SQL Server Management Studio (SSMS) 19.1 and Recent Changes, Part 2
Published Jun 12 2023 09:13 AM 9,929 Views

This is the second post in a series discussing changes between SSMS 18.12.1 and SSMS 19, and new functionality in SSMS 19.1.  You can view the first post covering Microsoft.Data.Sqlclient and MSAL here.  It turns out some of you do read the SSMS release notes (we appreciate it!) and were quick to ask questions about a few items in the “What’s new” section.  This post will provide more details about selected changes.


Removal of the SQL Vulnerability Assessment in SSMS 19.1

Since SQL Server 2012, the SQL Vulnerability Assessment in SSMS has provided a way to scan and report on possible security misconfigurations on your SQL Server databases in a disconnected manner.  This capability has been consolidated into a comprehensive database security package called Microsoft Defender for SQL, which allows you to perform vulnerability assessment scans and identify real-time attacks on your database at scale across cloud and on-premises resources.  Defender for SQL provides customers with the latest updates to scan rules and updated threat protection algorithms.


Conversely, the SQL Vulnerability Assessment in SSMS does not consume findings from Defender for Cloud, nor can findings from local scans be uploaded.  Additionally, the SQL Vulnerability Assessment on SSMS does not receive updates in real time, which may cause inconsistencies compared to the updated findings from Defender for Cloud.  To prevent further confusion and inconsistencies in customers’ database security experiences, we have removed the SQL Vulnerability Assessment from SSMS as of version 19.1.  While SQL Vulnerability Assessment remains available in older SSMS versions, it is recommended to use Microsoft Defender for SQL to evaluate your environment’s security configuration, regardless of your SSMS or SQL version.  For additional information please see Enable Microsoft Defender for SQL servers on machines and Scan your SQL servers for vulnerabilities.


SSMS startup time

We have heard complaints, for months, about the startup time for SSMS.  Between 18.12.1 and 19.0 we made a few changes, and in 19.1 we delayed initializing the output window to also reduce startup time.  Some of you noticed!  Glenn Berry completed a round of testing and documented findings in his SSMS 19.1 Performance Improvements blog post.  We are hoping to also gain improvement when we get to SSMS 20, so know that our work is not yet done.


SSMS Version

There have been rumblings from users about the discrepancy between SSMS version, the version number listed in the Help menu, and the product version displayed in the file properties.  For example, in SSMS 18.12.1, the version in Help >> About is 15.0.18424.0, and the product version on ssms.exe is 2019.150.18424.0.


The version in Help >> About has traditionally been tied to the SQL Server build number.  When you connect to a server from SSMS, you can see the build:


Screenshot of SQL Server version displayed in Object ExplorerScreenshot of SQL Server version displayed in Object Explorer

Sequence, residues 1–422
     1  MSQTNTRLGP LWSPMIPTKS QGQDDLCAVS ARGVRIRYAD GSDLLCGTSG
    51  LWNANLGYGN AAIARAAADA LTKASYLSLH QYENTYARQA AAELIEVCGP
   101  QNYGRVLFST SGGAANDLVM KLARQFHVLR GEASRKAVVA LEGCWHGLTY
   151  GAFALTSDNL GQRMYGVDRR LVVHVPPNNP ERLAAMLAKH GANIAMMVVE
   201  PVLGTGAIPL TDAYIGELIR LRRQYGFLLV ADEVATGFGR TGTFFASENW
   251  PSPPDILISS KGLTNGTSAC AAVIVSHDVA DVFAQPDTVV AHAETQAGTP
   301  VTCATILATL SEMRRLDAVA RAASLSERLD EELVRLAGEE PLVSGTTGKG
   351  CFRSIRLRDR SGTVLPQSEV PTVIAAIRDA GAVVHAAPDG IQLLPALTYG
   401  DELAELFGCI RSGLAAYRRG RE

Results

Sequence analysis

The 16.0 in the SQL build is for SQL Server 2022.  Thus, the Help >> About version for SSMS 19.0.2 started with 16, and the file version for ssms.exe contained 160.  Folks found this confusing and there were some companies that reported this was a problem for audits.


Good news! We’ve addressed that in SSMS 19.1.  Within Help >> About the version is, and the product version for ssms.exe is  We hope this version alignment will reduce frustration for users.


Note: If you upgraded from 19.0.2 to 19.1 and do not see the correct product version for ssms.exe, you need to uninstall and reinstall.  This is a known, documented issue that we will address in the next release.


New PowerShell options

Version 22 of the SQL PowerShell (SQLPS) module was released in March, and there is a vibrant PowerShell community within the greater SQL community.  To better support folks who launch SQLPS from SSMS, there are new configuration options available on the Commands pane under Tools >> Options >> SQL Server Object Explorer:


Screenshot of new PowerShell Options in SSMS 19.1Screenshot of new PowerShell Options in SSMS 19.1


These settings are documented on the Options page and allow users to open the desired SQLPS environment right from SSMS.



There are additional features in SSMS 19.1 which will be covered in the next post, and we’ll close out this one with a reminder that Azure Data Studio is installed with SSMS by default.  If you’re not familiar with ADS, or haven’t used it in a while, we encourage you to try it out.  We’ve made significant improvements, all detailed in the release notes, and we will continue to add core operational functionality (e.g., user management, database and server management) in the coming months. 


Those of you that have used SSMS for years may believe ADS is not the tool for you.  That may be true.  But it may be the right tool for team members who are new to SQL, or Azure, or those who focus on development.  We added the installation of Azure Data Studio with SSMS to support an easy transition from SSMS over to ADS for functionality only available in ADS, and we will continue to create new entry points for relevant features (e.g., migrations).  However, if you do not want Azure Data Studio on your machine, you can install SSMS using a command line and include the option DoNotInstallAzureDataStudio=1.

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